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Agricultural News


Grant Awarded to Improve Rootworm Management Tools, Techniques

Tue, 11 Aug 2015 15:29:53 CDT

Grant Awarded to Improve Rootworm Management Tools, Techniques In an effort supported by the National Corn Growers Association, the Monsanto Insect Management Knowledge Program awarded Dr. Jeffrey Gore, from Mississippi State University, a grant for the proposal entitled "Quantifying the Role of Helicoverpa zea Host Plants in Bt Resistance Management."


NCGA believes farmers should have as many options as possible to control pests. As a major pest impacting corn, cotton and soybeans in the United States, corn earworm, Helicoverpa zea, research will benefit farmers across the country. This proposal addresses the role that cultivated and non-cultivated host plants play in the population dynamics of corn earworm. By better understanding how corn earworm utilizes all hosts, scientists can identify best management practices that will ensure the long-term effectiveness of Bt crops and make informed decisions about resistance management.


Understanding how insect resistance develops helps shape best management practices and mitigation actions that prevent the weakening of the technology's effectiveness, thus NCGA continues to work with industry and government on resistance management.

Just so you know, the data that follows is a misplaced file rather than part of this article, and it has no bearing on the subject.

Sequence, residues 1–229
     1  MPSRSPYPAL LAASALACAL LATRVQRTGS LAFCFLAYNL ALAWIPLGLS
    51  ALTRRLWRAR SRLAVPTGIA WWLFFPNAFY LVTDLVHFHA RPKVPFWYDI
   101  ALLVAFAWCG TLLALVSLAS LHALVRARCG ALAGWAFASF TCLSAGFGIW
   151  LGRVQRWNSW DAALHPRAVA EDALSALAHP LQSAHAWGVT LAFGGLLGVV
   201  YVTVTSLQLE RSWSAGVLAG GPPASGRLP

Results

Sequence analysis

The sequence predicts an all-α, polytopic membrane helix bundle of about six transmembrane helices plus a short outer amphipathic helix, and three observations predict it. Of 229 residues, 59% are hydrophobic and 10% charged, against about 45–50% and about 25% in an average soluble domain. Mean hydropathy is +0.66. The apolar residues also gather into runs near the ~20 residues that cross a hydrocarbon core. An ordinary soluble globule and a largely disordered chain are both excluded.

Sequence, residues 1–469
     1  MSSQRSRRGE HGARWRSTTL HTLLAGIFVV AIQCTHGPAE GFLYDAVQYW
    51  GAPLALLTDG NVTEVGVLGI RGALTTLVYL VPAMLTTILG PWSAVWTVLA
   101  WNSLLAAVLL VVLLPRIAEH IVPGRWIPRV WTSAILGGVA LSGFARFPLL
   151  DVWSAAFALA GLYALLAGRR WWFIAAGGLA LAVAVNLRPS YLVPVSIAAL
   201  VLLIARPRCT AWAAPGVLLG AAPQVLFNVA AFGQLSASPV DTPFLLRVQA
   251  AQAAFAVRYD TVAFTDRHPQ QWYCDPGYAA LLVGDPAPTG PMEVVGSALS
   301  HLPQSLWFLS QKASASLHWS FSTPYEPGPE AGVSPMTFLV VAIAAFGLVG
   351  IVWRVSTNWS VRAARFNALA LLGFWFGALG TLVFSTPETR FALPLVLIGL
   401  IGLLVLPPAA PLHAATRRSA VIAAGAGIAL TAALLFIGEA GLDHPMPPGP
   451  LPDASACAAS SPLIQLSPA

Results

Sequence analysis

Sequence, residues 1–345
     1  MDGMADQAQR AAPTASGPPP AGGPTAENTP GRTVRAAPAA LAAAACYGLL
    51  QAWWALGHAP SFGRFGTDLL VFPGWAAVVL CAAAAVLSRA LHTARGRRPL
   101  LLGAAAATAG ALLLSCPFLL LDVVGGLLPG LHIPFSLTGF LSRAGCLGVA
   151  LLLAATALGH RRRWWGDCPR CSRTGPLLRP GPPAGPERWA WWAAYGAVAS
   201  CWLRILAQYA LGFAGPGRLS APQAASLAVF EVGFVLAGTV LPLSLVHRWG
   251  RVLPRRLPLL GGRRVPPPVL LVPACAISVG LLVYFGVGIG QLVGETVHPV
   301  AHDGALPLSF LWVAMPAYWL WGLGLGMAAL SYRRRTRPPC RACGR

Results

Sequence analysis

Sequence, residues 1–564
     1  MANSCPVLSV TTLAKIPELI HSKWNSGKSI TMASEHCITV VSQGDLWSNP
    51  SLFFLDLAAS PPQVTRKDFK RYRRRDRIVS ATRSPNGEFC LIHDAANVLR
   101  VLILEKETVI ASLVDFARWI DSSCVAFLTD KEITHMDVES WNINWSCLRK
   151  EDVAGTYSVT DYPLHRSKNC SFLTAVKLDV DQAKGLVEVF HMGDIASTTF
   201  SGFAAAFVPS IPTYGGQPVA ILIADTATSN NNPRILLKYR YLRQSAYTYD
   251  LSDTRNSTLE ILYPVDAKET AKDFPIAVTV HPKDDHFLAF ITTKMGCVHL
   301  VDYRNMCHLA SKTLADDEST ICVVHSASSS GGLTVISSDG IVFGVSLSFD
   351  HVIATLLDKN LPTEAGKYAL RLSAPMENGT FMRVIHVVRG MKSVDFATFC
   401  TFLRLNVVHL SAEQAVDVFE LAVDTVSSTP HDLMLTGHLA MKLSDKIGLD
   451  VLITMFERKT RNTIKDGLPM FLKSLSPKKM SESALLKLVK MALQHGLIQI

The Monsanto Insect Management Knowledge Program, a ten-member advisory committee consisting of academics and growers, provides merit-based awards for outstanding research that will not only enhance the collective understanding of insect management but also address significant challenges and issues in agriculture. NCGA Director of Research and New Uses Dr. Richard Vierling serves on the grant review committee to ensure the projects will develop tools that meet farmers' needs. The research addresses the following areas: development of predictive models of resistance; farmer education and training; and sustainable pest management. The program originally started in 2013 as the Corn Rootworm Knowledge Program but expanded its focus to include insects that are economically damaging to any U.S. row crop.

   

 

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